Conservatives have complained that social media sites, like Twitter and Facebook, are biased because they have banned or removed content.

Posts have been removed because the sites determined they were false or misleading or promoted conspiracies that could lead to violence — the kind of conspiracies that went mainstream during Trump’s presidency and led to the Jan. 6 Capitol insurrection.

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Suryakumar Yadav’s bat slaughtered, rained sixes and scored a century in just 50 balls



Mumbai batsman Suryakumar Yadav has once again presented his stormy batting sample in the Vijay Hazare Trophy. In the match being played against Puducherry in Jaipur, Suryakumar has proved his selection in the Indian team by scoring a century from 50 balls. Thanks to this stormy innings by Suryakumar, Mumbai’s team has moved towards a huge score. Suryakumar hit 17 fours and two sixes to complete the century.

Suryakumar Yadav had been knocking on the doors of the Indian team for a long time. This time his hard work has paid off. Suryakumar Yadav has been selected for the first time in the Indian team for the five-match T20 series against England. After this stormy century, he in a way justified his selection. Mumbai has crossed the 400 mark due to this innings of Suryakumar.

After completing the century, Suryakumar Yadav took a more dangerous stance. He hit five fours and two sixes off eight balls. Pankaj Singh put the brakes on Suryakumar Yadav’s pace. On the last ball of the 47th over of the innings, when Suryakumar went for another big shot, Sangnakal Singh caught him and ended his stormy innings. Suryakumar scored a total of 133 runs, for which he faced only 58 balls. In his Atishi innings, Suryakumar hit 22 fours and four sixes.

Mumbai scored 211 for two in 29.5 overs. Suryakumar stepped on the wicket after Adikya Tare was dismissed. He was with Prithvi, who was already playing a stormy innings, and brought a tsunami of runs to his rhythm. Suryakumar and Prithvi shared 201 runs for the third wicket. The partnership ended with Suryakumar being dismissed.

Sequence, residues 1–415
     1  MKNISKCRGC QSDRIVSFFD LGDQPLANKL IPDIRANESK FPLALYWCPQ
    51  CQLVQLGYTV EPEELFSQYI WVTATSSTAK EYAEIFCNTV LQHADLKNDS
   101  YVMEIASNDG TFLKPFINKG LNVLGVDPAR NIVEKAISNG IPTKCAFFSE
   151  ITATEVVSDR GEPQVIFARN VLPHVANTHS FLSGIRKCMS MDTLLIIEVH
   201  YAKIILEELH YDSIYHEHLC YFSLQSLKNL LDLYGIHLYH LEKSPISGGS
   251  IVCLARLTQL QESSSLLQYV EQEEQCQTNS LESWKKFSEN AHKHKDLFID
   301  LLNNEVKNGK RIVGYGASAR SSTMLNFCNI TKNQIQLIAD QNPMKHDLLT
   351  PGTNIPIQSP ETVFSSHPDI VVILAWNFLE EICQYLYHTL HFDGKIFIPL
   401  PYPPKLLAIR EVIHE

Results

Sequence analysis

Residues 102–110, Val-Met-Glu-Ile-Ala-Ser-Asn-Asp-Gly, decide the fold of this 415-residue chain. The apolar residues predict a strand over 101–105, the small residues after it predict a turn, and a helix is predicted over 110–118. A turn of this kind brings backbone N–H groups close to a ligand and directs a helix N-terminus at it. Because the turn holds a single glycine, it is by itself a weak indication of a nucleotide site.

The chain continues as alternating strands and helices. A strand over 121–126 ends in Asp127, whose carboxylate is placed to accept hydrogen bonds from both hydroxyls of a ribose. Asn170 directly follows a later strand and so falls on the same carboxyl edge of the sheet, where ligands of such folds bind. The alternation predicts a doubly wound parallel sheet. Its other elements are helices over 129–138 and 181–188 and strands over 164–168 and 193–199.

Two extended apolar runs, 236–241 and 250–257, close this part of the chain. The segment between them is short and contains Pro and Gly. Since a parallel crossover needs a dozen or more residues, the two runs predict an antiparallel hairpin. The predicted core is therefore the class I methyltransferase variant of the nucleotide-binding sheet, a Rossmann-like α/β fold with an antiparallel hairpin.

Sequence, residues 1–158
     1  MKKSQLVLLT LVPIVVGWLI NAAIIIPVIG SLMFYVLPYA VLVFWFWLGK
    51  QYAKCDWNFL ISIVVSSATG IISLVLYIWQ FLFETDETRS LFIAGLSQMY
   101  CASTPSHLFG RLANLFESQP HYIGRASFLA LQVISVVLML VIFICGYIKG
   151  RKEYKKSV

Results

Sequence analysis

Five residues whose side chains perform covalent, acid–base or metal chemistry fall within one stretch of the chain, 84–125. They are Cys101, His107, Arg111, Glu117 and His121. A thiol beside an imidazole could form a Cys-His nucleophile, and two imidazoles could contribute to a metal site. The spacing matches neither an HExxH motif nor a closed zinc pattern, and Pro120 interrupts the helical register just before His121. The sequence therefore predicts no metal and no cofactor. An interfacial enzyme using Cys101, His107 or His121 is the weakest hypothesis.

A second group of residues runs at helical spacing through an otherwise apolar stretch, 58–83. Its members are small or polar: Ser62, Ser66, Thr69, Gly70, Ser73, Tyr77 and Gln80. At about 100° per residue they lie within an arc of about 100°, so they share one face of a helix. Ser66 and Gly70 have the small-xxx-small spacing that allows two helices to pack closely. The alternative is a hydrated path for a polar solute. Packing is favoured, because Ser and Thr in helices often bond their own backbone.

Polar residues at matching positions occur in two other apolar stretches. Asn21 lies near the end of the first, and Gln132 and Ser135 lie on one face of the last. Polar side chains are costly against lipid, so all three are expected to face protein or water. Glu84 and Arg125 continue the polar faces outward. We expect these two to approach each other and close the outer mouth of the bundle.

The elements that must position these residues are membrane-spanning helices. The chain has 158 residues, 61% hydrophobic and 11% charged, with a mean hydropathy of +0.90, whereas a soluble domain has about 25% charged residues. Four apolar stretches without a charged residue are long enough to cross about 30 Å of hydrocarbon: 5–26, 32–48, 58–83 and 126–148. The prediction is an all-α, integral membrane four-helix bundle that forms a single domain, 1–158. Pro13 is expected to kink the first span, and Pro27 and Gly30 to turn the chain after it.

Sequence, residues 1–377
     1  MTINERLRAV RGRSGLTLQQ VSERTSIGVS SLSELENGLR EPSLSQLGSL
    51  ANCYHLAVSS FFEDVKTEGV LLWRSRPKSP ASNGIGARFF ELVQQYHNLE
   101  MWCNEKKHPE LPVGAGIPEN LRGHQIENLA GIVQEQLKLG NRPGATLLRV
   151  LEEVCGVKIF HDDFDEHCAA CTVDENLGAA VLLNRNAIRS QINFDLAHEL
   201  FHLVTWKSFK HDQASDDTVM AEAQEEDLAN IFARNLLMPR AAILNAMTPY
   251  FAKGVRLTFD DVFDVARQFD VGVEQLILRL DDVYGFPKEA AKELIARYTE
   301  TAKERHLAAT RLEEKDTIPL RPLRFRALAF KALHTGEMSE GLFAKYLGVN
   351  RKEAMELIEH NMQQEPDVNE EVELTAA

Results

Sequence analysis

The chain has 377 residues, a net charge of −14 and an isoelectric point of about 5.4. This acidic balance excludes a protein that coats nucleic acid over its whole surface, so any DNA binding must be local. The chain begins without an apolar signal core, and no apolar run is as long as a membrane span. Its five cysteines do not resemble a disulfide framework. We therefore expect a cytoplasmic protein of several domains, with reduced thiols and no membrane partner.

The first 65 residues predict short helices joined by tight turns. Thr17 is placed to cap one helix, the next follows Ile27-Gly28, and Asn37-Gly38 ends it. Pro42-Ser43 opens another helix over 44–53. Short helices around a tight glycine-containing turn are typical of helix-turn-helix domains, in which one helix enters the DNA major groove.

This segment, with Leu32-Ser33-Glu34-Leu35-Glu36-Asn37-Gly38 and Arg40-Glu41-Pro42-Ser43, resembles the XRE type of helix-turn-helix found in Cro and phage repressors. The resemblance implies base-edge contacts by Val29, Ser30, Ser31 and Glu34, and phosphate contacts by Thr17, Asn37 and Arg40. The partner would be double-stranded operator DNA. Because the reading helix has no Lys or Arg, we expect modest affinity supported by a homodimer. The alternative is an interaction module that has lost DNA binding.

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When Dhoni left, the bowlers burst, 44 runs in 9 balls in a smashing century, the view of Badla Stadium



Kedar Jadhav has put a stop to his poor form. He has responded with his bat being removed from Chennai Super Kings. This old captain of Dhoni scored a lot by showcasing his bat in Vijay Hazare Trophy. The Maharashtra middle-order batsman scored 101 off 93 balls in the match against Rajasthan and remained unbeaten till the end. On the strength of his innings, Maharashtra’s team managed to score a big score in 50 overs. Maharashtra batted first in the match.

Rituraj Gaikwad and informed Yash Nahar gave the team a good start. But as soon as I saw it, the innings started to falter. The team took 5 wickets for 150 runs. In such a situation, Kedar Jadhav tested the fragility of the occasion and handled it with his own experience. Kedar Jadhav played an unbeaten innings of 101 runs in 93 balls. He scored 44 runs in just 9 balls in his smoky innings. That is, the story of 44 out of 101 Kedar hit 5 fours and 4 sixes.

During this innings, Kedar also wrote the script of a century partnership with Satyajit for the sixth wicket. The effect of Kedar’s century was that the Maharashtra team lost 5 wickets for only 151 runs at a time. She reached 270 for 6. When Maharashtra’s entire innings was 50 overs, their score was 277 runs on the board. And, this was possible due to Kedar Jadhav.

Kedar Jadhav was a part of CSK in the last IPL season. However, in the IPL 2021 auction SRH bid him and added him to him. Sunrisers bought Jadhav for his base price of Rs 2 crore. Certainly, after this performance by Jadhav, Hyderabad’s IPL team will surely be tickling with their bets.